Social Media Storytelling: Using Blogs and Twitter to Create a Community of Practice for Writing Scholarship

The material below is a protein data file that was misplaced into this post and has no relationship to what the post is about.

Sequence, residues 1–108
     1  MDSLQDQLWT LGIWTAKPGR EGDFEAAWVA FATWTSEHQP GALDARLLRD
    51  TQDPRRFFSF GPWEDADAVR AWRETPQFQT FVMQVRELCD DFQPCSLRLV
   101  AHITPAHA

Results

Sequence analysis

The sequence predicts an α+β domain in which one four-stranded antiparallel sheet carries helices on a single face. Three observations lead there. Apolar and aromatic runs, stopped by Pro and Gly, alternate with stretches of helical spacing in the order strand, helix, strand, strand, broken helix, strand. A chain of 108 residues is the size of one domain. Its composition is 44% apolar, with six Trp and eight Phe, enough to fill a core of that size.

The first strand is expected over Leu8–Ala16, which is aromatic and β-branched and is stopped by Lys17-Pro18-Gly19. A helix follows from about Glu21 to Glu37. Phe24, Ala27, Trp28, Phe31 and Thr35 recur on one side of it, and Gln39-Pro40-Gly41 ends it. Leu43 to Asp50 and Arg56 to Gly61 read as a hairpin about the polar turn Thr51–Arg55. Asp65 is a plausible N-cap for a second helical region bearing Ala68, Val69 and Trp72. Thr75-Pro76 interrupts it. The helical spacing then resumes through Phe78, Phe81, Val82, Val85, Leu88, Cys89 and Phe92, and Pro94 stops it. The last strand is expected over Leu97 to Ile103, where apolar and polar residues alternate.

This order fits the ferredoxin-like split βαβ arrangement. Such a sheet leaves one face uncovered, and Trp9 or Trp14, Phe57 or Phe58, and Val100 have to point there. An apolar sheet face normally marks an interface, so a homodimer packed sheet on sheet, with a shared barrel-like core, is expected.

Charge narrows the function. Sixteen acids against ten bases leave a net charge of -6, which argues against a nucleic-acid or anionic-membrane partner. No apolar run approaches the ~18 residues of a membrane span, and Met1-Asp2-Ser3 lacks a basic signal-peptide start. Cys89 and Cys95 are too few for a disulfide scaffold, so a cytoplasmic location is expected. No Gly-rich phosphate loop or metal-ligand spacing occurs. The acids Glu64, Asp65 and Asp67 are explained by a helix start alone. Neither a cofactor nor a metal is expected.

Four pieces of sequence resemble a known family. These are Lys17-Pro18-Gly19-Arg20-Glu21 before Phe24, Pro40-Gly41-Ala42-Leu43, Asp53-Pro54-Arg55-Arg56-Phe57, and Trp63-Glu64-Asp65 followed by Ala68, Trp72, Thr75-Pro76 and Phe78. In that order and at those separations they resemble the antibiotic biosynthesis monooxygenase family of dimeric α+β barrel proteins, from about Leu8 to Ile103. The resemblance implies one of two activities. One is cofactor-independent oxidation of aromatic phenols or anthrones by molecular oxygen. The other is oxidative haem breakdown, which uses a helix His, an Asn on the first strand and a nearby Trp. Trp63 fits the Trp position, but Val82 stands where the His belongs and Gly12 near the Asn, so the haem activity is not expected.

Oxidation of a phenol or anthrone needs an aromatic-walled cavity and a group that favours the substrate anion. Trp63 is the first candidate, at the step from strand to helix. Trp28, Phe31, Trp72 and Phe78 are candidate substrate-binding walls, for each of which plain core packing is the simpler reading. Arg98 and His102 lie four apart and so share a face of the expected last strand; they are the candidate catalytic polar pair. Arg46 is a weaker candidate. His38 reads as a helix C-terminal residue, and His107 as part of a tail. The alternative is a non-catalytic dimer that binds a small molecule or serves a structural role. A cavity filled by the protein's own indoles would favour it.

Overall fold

This paper argues that social media can function as an informal community of practice in writing scholarship where knowledge is absorbed into a user’s identity and practice through storytelling. Social media has increasingly attracted academics and educators as a method of trialing new research ideas and classroom strategies, seeking early peer review, and as a knowledge translation strategy for sharing research findings. Platforms such as Twitter and blogs work in tandem to provide exposure, encourage reflection, and build community. Storytelling becomes a form of persuasion, through use of literary strategies, to influence change. This argument recognizes how social media writing is situated in a unique genre and requires writing strategies that may be unfamiliar to academic writers. A social media storytelling interlude demonstrates a case of social media persona development for writing scholarship and acts as an example of the voice, tone, and literary strategies of social media writing. The paper concludes with a discussion of strategies aligned with researching the impact of social media on pedagogical practices.
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